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Chapter 1

Chapter 1 Cultural Psyc.docx

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York University
PSYC 3350
Francois Lalonde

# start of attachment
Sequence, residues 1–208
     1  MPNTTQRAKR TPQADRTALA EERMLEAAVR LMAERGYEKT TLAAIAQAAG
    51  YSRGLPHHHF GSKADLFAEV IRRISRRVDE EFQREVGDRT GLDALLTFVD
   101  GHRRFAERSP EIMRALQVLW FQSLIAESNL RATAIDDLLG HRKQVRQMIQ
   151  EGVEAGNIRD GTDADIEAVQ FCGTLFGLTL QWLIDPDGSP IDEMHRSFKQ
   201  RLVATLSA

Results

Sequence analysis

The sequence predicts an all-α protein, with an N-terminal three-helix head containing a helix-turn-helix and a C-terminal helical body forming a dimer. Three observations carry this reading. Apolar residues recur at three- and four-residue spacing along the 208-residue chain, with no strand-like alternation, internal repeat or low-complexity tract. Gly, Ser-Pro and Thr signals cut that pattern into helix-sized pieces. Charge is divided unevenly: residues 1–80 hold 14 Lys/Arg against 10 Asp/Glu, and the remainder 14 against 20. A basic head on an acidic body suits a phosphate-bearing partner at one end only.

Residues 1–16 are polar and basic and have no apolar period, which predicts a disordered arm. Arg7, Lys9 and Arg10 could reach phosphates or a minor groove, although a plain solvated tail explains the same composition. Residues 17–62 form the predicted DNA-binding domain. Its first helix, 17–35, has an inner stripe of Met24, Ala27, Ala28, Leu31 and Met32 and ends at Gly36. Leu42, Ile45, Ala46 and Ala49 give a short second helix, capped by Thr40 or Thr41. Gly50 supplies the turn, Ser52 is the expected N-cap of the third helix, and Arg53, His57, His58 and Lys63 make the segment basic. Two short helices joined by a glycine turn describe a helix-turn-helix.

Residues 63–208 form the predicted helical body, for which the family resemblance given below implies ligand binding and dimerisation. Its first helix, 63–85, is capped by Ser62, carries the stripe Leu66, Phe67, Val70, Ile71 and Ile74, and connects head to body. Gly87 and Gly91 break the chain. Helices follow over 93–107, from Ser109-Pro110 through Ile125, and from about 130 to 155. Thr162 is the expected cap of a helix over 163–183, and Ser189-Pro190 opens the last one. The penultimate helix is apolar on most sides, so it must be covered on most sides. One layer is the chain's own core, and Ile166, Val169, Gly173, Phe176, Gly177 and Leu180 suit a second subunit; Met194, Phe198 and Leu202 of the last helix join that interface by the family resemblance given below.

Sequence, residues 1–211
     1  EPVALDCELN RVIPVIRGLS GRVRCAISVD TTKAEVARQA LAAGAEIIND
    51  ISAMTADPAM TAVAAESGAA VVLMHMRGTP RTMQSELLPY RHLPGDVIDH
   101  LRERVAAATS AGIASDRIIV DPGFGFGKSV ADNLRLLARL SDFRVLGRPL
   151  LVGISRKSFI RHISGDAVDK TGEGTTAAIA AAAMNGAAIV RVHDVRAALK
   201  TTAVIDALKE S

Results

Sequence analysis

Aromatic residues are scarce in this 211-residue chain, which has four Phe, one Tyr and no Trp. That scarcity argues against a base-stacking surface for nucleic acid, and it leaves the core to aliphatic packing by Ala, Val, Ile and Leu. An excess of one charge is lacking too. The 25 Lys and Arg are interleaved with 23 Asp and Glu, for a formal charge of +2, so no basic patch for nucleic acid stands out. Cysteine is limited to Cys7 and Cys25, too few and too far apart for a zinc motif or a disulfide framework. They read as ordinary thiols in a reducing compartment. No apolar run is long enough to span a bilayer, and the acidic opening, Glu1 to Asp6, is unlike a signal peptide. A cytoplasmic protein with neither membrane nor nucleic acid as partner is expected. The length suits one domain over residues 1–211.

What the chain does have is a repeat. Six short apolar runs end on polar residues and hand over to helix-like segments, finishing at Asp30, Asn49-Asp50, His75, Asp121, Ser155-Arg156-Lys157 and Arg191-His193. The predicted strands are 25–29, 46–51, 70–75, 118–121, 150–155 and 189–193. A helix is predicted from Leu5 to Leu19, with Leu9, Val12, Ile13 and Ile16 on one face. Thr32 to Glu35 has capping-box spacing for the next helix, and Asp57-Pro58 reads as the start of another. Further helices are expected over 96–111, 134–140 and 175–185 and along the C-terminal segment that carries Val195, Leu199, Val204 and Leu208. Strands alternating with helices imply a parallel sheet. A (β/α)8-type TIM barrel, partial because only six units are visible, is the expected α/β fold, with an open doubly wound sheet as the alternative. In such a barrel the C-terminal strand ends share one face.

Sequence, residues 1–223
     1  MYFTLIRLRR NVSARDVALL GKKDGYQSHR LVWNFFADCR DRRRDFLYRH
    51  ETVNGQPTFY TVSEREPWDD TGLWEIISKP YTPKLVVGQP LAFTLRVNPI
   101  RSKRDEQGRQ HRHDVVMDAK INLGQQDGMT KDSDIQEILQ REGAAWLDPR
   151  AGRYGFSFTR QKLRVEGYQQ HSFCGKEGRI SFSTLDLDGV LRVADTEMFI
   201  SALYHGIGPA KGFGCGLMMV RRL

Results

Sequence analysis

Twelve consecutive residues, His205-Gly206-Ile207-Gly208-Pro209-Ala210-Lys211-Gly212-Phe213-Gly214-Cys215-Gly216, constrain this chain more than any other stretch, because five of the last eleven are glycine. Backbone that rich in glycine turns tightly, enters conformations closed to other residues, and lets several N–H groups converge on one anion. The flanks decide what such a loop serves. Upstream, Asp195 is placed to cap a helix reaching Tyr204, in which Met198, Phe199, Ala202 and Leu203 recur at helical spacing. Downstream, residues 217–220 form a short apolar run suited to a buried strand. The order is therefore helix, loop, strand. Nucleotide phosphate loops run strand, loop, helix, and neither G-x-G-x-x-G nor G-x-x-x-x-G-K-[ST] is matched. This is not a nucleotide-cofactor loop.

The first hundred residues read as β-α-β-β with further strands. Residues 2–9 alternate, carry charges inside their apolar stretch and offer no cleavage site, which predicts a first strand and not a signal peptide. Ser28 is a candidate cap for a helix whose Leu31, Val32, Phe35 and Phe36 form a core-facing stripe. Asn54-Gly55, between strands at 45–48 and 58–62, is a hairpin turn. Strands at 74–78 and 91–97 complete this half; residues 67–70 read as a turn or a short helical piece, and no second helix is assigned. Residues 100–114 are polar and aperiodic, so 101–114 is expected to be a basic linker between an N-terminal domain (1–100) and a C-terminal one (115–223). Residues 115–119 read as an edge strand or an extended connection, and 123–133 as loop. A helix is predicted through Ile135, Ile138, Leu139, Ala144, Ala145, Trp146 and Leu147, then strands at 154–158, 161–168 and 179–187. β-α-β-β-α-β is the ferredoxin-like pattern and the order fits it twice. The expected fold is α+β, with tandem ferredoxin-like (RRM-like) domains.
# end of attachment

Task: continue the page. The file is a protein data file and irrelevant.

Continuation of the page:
Chapter 1: Cultural Psychology 1 Chapter 1Cultural Psychology What is culture? 2 meanings:  any kind of idea, belief, technology, habit, or practice that is acquired through learning from others  a particular group of individuals that share a similar context, are exposed to many similar cultural messages, and contain a broad range of different individuals who are affected by those cultural messages in divergent ways At a global level, culture may also refer to a broad number of people ex. “Western culture” Challenges to thinking about groups of people as constituting cultures:  boundaries of cultures not distinct  cultures change over time; some cultural info disappears as new habits replace the old  a lot of variability among individuals who belong to the same culture Psychological Processes can vary across cultures  Sense of humor: what's funny in one culture is not funny in another  psychological processes such as......vary: o ways we perceive the world o value a sense of right and wrong o things that motivate us Is the Mind Independent from, or intertwined with Culture?  Richard Shweder(viewed by many as father of the modern incarnation of culture psychology), argues that much of the field of psychology inherently assumes the mind operates separate from content and context o seen in Paul McCartney/Stevie Wonder's song “People are the same where you go” o general psychologists think of the mind as a highly abstract processing unit (CPU) that operates independently of the content or context  The same in all cultures: o speak a language using between 10 and 70 phonemes o smiles when they are happy o have word for “black” o disgusted by idea of incest between parents and children o understand the number 2  According to the perspective of general psychology, important cultural variation in ways of thinking cannot exist because cultures merely provide variations in context and content OUTSIDE the operations of the underlying CPU  Contrast to this view, cultural psychologists argue that mind and culture are inseparable; thinking is not merely an operation of the CPU  Examples of evidence that mind is enmeshed with cultural influences: o figure line task: participants shown a box that has a line drawn inside of it and then shown two smaller boxes (called relative and absolute task). In the absolute box, they are to draw a line identical in length to the first box. In the relative box, they are to draw a line that is identical in length to the first box, but proportional to this smaller box o Study shows that different areas of the brain activated in different cultures Chapter 1: Cultural Psychology 2 o European-American had more trouble with the relative length judgement whereas East Asians made found absolute length more difficult  How is our brain shaped by cultural experiences? o regularly encountered experiences can ultimately change the structure of the brain o example: as taxi drivers in London(one of the most busiest/complex street grids in the world) gain experiences over the years, they create detailed mental maps which aid them in figuring out best way from point Ato B o their experience in navigating through these mental maps actually changes the structure of their brains o posterior region of the hippocampus -> spatial memory in navigation o the taxi drivers developed larger volumes of the posterior region of their hippocampi relative to other humans  Cultural psychologists tend to explain cultural differences in psychological processes as follows: o to the extent that people in one culture are often faced with a particular cultural idea(ex. Belief it is good for children to become independent from their parents at a young age), they will think a great deal about that idea, creating a rich network of thoughts, behaviours, and feelings that surround it.  These networks of information will be activated whenever people encounter something that reminds them of this idea (ex. Conversation, memory of it in the past etc.)  If these networks are thought about enough, they become chronically activated, and these network of information will be prioritized ahead of other networks of information  Humans are so embedded in their cultural worlds that they are always behaving as cultural actors, and their thoughts are always sustained by meanings that are derived from their cultures  Cultures emerge from the interaction of the various minds of the people that live within them  Cultures then, in turn shape the ways that those minds operate Case Study: The Sambia  discussions of cultural differences in psychological processes are controversial  controversy due to the contrasting views of the mind inherent in the perspective of general psychology(mind operates independent of context and content), and cultural psychology(mind is shaped by content and context)  The Sabia represents a dramatic instance of a cultural difference with regards to their initiation practices to transform young boys to men  The Sambia live in the mountain range- Papua New Guinea; environment is one of the least accessible places on the planet  The Sambia believe that femaleness is an innate natural essence, whereas maleness is a tenuous essence that must be explicitly cultivated  Much of the initiation rituals involves painful practices such as piercing the septum/ thrashing the boys with sticks  Goal of initiation is to give boys a sense of power (called jerungdu)  Boys are believed to be born without jerungdu; they must get it through semen  It is acquired by boys through years of ritualized homosexuality; boys around the age of 7 regularly ingest semen by performing daily oral sex on adolescent boys and men  Around 15 they stop, and they themselves provide the semen to other boys  These ma